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IThe park's crown jewels are a necklace of 16 lakes connected by gushing springs, sparkling rivers, and soaring waterfalls.

In the mountains of Croatia, a kind of alchemy is forging a magical landscape where water literally turns to stone. NATURE's LAND OF THE FALLING LAKES gives viewers a first-hand look at this remarkable process, which has helped make Croatia's Plitvice Lakes National Park one of southeastern Europe's natural wonders.

The park's crown jewels are a necklace of 16 lakes connected by gushing springs, sparkling rivers, and soaring waterfalls. The water streams over porous limestone that underlies the region. But the landscape is far from rock solid. It is constantly changing its shape, as erosion and an unusual chemical process continually form new dams and riverbeds that steer the water in new directions.

Here is how it works:

As water travels through the limestone, it dissolves the surrounding stone and bubbles to the surface heavily laden with suspended lime (calcium carbonate). The water then flows through a natural filter of moss and plants that grow in a luxurious carpet along stream banks. Under the right conditions -- water and air temperatures play a key role -- the suspended lime is deposited on the plants, entombing them in a hard glaze. Eventually, the lime-encrusted plants petrify, and the entire mass turns to a rock that geologists call travertine. Even small animals can become entrapped in the "living" stone. Then, new mosses grow atop the travertine and the process begins again.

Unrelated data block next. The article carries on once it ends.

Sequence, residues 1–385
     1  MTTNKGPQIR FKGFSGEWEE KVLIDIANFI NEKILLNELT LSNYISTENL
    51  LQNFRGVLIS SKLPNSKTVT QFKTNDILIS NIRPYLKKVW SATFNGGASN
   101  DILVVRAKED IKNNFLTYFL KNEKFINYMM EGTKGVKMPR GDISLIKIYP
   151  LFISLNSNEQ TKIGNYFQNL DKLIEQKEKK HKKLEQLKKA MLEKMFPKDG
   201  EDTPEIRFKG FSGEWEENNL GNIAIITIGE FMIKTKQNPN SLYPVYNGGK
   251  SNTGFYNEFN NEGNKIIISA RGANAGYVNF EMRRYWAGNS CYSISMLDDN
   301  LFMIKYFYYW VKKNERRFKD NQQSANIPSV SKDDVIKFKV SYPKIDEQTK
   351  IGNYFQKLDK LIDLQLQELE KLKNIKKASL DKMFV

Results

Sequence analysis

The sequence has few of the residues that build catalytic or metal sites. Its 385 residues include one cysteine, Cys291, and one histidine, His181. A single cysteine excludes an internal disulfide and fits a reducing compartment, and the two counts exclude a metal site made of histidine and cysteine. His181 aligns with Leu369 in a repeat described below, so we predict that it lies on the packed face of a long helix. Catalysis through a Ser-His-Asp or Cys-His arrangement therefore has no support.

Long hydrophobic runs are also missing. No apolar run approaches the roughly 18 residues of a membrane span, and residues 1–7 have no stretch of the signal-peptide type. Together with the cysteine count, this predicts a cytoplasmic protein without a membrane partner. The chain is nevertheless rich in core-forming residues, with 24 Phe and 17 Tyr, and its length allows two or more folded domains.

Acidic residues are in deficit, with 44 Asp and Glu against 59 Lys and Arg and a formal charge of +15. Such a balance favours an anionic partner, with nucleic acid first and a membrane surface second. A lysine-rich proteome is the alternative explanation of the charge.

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Currently, travertine is
growing at a rate of up
to an inch a year in Plitvice.
Over thousands of years, the waters of Plitvice have built everything from sturdy dams to weird and wonderful natural sculptures. But researchers have discovered that the conditions have not always been right to create travertine. Several times over the last 30,000 years the region has lacked the right combination of temperature and humidity to form travertine.

These days, however, the travertine-forming process is going strong, forming new layers at rates of up to an inch a year. But the process depends on clean water, and pollution from farm fertilizers and other sources threatens to slow or stop the process in some parts of Plitvice. Local groups are working hard to make sure that doesn't happen.

In the meantime, visitors throng to the valley, eager to see for themselves the magical water that can turn to stone. One visitor says that even Medusa -- the mythical snake-haired creature who could turn onlookers to stone -- would be amazed by the waters of Plitvice.

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